It's spring! It feels like we have gone through all four seasons in a week, but let's hope the most recent cold weather was the last.
I think many of us are feeling a whole lot better about our yards than we did a month ago. Many burned or damaged plants are starting to grow back. Some will need corrective pruning, and some might even need replacement, but we are having a pretty spring in spite of the damage.
◼️ Give those damaged plants a little extra TLC this season. Wait for them to finish blooming, if they are spring bloomers, but then feed a light dose of fertilizer to all your shrubs. Water when dry.
◼️ Even though many plants are growing (and blooming!), some have yet to kick in. That doesn't mean they are dead. Give them another few weeks of warm weather before you start assessing. And while it is April, don't be too quick to plant warm season flowers and vegetables. Wait until mid-month to be safe — and then begin. There are plenty of other gardening activities to occupy your time.
◼️ Winter weeds are in their prime, and while some of you love your spring beauty, henbit and dandelion, others prefer not to have them multiply in the garden. It is too late to apply herbicides with much advantage, but mowing them (before blooming is over) can prevent seed set and more problems next year.
◼️ Hold off fertilizing your lawn until it is totally green. It is getting there but still not 100%, and you don't want to waste any of the fertilizer's benefits.
◼️ Pansies and violas got a big boost in their blooming these last few weeks from cool nights and warm days, and they are looking great. Continue to enjoy them and let the nights and the days warm up before replacing your plants.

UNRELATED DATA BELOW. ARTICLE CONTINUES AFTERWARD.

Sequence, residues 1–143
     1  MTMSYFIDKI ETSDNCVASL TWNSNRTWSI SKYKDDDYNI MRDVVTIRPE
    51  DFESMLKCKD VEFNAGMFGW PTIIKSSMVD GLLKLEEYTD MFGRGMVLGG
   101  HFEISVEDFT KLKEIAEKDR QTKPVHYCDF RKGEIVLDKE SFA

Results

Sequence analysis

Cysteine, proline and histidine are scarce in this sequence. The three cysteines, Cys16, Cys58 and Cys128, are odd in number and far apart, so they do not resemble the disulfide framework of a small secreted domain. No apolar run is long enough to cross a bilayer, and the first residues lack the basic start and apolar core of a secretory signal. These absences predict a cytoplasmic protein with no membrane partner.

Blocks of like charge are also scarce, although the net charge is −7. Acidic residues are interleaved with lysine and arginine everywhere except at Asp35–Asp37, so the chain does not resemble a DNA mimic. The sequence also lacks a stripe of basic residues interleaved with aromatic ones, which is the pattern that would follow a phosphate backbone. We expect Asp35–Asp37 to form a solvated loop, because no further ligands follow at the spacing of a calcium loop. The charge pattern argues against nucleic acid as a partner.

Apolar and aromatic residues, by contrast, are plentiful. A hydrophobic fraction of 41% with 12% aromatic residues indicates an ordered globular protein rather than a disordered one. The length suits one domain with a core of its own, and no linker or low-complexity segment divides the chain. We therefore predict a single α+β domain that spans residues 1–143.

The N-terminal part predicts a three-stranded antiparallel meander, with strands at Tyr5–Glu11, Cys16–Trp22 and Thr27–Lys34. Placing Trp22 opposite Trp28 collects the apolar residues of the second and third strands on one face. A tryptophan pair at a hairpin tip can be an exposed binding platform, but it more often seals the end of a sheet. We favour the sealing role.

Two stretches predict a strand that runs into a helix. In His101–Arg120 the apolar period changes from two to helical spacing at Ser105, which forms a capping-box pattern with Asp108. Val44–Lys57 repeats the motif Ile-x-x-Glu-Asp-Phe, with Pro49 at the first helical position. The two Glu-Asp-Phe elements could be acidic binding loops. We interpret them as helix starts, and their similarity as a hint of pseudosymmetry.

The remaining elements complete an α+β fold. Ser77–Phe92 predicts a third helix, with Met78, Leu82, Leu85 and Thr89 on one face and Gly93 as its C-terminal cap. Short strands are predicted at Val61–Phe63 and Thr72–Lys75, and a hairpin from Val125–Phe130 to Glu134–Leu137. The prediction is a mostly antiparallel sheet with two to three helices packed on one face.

◼️ Spring bulbs gave us a shot of color when we really needed it, and many are still flowering. Be sure to allow them at least six weeks of green growth after bloom so they gather enough fuel to flower next season. A little fertilizer right now would also help.
◼️ Gradually move houseplants outside toward the end of the month — don't rush it. If you have areas in the garden that need extra fill until plants recover, consider placing some of your tender plants in the garden (in their pots). This will fill the drab places and make the potted plant management easier, especially if you have a sprinkler system.
◼️ Some of our overwintered vegetables are ready for harvest or bolting and blooming. Start replacing them with a last batch of cool-season things, and gradually begin adding in the summer vegetables and herbs.
◼️ Nurseries and garden centers are a gardener's wonderland these days. New shipments of colorful plants arrive every week. Stop by to find some new treasures. I predict this is going to be another banner year for gardening, and a boon to the nursery industry.
NATIVE OF THE MONTH
Redbud (Cercis canadensis) is in its glory right now.
This small, spring-blooming native tree has a lot of great cultivars to choose from. It thrives in full sun to partial shade, and depending on variety, can grow up to 30 feet tall and wide. There are dwarf and weeping forms as well.
Redbuds do best in a well-drained soil with ample moisture when conditions are dry. They do not tolerate wet feet well. These trees bloom before their heart-shaped foliage appears.
The most common flower color is a purplish pink, but white-flowering forms are available. Foliage on the original tree is green, but newer cultivars have purple, orange and even yellow leaves. "Forest Pansy" was the first variety with purple leaves. Its new leaves start out purple and then age to green.
Some newer varieties hold their purple foliage a bit longer — "Merlot" and "Ruby Falls."
"Rising Sun" and "Flame Thrower" are two varieties with yellow and orange new growth in the spring and outstanding fall color.
Whichever redbud you choose, it will give your garden some colorful spring flowers and possibly some great foliage color, too, in more than one season.
Read Janet Carson's blog at arkansasonline.com/planitjanet.